Jobless In Germany
February 19, 1997
German unemployment soared to a record 4.66 million in January, or 12.2 percent -- the highest since 1933. And a constitutionally sanctioned wage-setting cartel guarantees that unemployment in Germany will continue to remain high. The pact between unions and businesses rules out any possibility of reducing costs by cutting workers' pay scales.
- The pact leaves cost-conscious companies no option other than laying off workers, moving production abroad or bringing in more automation.
- Massive layoffs have become almost common in Germany's largest industrial groups -- including chemicals, electronics and engineering -- all based on accords made with the knowledge and consent of the unions.
Chancellor Helmut Kohl has tried jawboning the unions to "go easy" and perhaps forgo a real wage increase, but he and his party have made no move to change the system. They have cut worker sick pay from 100 percent to 80 percent and exempted companies with 10 or fewer workers from strict laws on layoffs. Also, tax reform to be implemented by 1999 would reduce top marginal income and corporate tax rates down to 39 percent and 35 percent respectively -- a move Kohl's supporters hope will boost investment.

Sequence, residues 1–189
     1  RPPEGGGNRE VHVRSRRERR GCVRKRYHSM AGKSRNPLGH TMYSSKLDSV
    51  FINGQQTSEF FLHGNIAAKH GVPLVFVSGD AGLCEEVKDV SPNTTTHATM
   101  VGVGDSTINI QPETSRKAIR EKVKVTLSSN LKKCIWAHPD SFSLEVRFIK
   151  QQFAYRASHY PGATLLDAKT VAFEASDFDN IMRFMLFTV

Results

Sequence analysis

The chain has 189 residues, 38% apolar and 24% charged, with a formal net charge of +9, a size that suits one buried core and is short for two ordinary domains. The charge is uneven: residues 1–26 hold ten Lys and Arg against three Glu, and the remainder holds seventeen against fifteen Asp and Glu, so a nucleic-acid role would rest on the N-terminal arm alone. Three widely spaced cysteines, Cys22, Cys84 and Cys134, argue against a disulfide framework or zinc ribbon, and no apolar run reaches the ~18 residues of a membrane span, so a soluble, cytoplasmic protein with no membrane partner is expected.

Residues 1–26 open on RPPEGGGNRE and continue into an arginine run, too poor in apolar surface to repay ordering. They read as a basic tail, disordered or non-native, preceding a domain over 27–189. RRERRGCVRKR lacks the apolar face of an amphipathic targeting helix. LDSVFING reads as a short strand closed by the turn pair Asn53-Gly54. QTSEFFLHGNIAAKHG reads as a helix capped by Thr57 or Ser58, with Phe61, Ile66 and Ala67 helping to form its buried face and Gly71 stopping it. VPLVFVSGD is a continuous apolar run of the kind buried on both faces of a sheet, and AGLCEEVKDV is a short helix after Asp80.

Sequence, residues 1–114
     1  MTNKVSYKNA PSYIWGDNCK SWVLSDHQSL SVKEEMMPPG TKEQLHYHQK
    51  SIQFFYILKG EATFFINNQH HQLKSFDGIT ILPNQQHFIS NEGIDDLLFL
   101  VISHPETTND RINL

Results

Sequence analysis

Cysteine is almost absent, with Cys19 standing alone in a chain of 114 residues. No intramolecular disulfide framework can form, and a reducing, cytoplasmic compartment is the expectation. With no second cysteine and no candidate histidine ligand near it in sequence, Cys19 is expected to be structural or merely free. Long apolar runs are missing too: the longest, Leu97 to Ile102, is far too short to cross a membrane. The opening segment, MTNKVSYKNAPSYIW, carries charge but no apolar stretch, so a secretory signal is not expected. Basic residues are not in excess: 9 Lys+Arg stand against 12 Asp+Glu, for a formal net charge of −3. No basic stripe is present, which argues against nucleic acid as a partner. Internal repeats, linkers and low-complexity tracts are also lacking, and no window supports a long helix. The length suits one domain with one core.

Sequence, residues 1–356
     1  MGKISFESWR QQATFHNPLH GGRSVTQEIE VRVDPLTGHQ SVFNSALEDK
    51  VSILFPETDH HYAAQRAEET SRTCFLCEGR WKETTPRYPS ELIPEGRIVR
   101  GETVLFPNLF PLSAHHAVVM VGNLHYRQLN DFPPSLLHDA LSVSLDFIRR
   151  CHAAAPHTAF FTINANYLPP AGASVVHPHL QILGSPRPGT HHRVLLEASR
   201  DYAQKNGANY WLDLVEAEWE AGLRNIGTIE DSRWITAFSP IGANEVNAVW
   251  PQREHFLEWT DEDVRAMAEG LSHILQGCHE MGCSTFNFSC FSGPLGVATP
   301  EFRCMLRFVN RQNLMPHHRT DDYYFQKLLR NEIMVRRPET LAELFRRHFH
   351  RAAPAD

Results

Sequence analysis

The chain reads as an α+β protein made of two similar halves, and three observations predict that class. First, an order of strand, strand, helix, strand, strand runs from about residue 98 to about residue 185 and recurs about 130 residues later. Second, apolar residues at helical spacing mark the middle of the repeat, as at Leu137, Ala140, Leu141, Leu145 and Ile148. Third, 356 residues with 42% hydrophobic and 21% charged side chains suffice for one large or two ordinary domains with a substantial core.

Free-market advocates hope that market forces will eventually break the wage cartel. They point to evidence that companies and workers in eastern Germany are leaving unions and employer groups, and that similar movements are beginning in western Germany.
Thomas Mayer, senior economist at Goldman Sachs International, observes that, "All cartels... begin to crumble when they overreach market prices."
Source: Matt Marshall, "How Germany's Wage Cartel Pares Jobs," Wall Street Journal, February 19, 1997.
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